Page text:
Thank you to Simon and Brian for your thoughts and questions.
Many thanks to Ben for his response to questions and the ongoing discussion. I am adding some additional information on the attitudes of leave voters and those who identify with English identity (rather than British).
A YouGov survey in February 2017 reported that 53% of leave voters wanted the return of the death penalty. 48% of leave voters also wanted a return to pounds and ounces (rather than metric). 52% wanted a return to dark blue passports (rather than the current machine readable burgundy one). 42% wanted a return to corporal punishment in schools.
Interesting piece. Ben, while you are right that we need to look beyond material grievances and to the role of English nationalism and memory of empire in shaping Brexit, I feel that your analysis opens a number of other questions.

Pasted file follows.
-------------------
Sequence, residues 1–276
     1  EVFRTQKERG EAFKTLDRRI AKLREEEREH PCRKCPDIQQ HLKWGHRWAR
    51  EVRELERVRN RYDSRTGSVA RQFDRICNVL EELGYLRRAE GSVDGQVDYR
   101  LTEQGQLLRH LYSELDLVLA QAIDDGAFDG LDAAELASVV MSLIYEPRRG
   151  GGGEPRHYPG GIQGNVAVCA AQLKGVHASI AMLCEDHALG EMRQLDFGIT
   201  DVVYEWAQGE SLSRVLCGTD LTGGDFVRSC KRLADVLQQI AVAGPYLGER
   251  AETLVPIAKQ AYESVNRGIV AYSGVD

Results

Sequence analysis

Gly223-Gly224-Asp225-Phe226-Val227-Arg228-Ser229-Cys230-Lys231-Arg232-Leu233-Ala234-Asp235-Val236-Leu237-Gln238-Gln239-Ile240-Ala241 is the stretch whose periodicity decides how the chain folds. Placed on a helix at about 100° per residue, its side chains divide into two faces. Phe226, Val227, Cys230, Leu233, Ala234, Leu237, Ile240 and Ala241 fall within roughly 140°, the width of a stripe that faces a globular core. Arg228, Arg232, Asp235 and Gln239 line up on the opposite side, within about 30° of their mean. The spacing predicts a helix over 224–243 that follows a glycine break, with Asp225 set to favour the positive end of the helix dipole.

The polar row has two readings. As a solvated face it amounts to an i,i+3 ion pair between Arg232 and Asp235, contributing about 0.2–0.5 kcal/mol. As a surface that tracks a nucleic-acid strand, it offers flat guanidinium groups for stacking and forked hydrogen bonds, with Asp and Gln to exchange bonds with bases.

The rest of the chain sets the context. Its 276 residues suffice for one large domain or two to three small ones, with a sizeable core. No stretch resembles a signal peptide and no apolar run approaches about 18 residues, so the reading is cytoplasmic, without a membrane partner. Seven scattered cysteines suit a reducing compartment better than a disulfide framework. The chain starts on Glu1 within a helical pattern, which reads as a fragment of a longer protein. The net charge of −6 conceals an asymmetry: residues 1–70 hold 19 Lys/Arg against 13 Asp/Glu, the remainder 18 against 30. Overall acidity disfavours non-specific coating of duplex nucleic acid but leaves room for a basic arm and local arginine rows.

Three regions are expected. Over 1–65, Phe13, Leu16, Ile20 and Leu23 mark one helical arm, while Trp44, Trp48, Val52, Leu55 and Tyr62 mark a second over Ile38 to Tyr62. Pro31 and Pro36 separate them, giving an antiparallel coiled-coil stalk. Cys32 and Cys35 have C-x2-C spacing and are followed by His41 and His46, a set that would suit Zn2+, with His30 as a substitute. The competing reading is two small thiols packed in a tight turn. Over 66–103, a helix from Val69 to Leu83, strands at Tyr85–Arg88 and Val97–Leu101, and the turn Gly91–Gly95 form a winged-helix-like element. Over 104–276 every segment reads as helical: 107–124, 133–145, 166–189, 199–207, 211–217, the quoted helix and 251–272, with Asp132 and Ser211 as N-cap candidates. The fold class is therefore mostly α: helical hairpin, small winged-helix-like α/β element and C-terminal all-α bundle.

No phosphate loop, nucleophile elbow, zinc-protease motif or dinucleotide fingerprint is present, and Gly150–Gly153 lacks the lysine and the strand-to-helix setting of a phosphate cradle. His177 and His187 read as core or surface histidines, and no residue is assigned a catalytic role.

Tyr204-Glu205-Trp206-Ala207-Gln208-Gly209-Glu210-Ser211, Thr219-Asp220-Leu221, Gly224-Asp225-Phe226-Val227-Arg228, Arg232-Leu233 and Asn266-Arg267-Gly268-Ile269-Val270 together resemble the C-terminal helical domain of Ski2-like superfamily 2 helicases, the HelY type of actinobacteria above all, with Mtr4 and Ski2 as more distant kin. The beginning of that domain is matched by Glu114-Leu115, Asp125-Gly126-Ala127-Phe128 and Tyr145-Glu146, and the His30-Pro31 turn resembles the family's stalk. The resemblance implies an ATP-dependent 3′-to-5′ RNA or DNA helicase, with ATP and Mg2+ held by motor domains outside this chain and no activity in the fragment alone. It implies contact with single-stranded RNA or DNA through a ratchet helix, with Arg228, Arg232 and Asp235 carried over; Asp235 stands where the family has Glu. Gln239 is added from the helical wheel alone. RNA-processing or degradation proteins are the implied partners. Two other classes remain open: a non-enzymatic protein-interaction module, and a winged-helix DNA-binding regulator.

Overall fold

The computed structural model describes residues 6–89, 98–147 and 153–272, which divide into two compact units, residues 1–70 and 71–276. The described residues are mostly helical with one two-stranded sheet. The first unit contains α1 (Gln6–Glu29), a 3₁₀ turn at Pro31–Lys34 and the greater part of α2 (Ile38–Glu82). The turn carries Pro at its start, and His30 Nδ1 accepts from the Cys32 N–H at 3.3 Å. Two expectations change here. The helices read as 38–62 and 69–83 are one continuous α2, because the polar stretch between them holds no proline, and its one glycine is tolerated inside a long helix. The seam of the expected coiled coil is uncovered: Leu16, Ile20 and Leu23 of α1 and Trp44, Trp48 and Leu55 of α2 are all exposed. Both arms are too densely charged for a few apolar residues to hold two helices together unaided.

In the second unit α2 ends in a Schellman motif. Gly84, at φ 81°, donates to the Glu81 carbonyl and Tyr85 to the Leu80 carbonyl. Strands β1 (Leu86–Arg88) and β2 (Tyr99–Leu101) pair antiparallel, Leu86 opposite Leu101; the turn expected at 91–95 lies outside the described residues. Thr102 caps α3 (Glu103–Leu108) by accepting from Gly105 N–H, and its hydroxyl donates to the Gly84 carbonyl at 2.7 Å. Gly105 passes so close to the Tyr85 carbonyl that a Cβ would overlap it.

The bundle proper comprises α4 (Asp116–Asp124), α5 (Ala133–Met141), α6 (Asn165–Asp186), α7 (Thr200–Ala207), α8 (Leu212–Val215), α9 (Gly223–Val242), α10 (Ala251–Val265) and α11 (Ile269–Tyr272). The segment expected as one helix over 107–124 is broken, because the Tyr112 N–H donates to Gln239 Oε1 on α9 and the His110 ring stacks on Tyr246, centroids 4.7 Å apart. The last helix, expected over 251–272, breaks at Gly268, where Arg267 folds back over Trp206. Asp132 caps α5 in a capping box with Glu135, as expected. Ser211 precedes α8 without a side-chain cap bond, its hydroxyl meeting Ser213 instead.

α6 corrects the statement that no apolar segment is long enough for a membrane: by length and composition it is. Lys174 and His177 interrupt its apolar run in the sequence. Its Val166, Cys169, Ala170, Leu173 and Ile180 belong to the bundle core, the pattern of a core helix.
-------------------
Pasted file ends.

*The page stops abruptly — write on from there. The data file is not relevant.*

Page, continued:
Thank you Brian and Sasa for your comments and questions.
With regard to Sasa's questions, there has been some sociological research into about the idealised 'Britain' or England held by voters (or at least those surveyed, presuming they vote) by Robin Mann and Steve Fenton in 'Nation, Class and Resentment' (Palgrave, 2017). They found that the idealised past was one of an industrial England where communities were sustained by stable employment in heavy industries.
I would certainly agree that conservative nationalism - as described by Brian Girvin - requires more attention and study, in particular since its political impact appears to be greatly increased.
In this respect, it would be interesting (and illuminating, at least for me) to find out what is the idealized Britain to which the mass of leave voters allegedly look back to. Have there been any studies or surveys on this topic? How do we know that this group of people shares a common image or narrative of the past? Where did they get it from?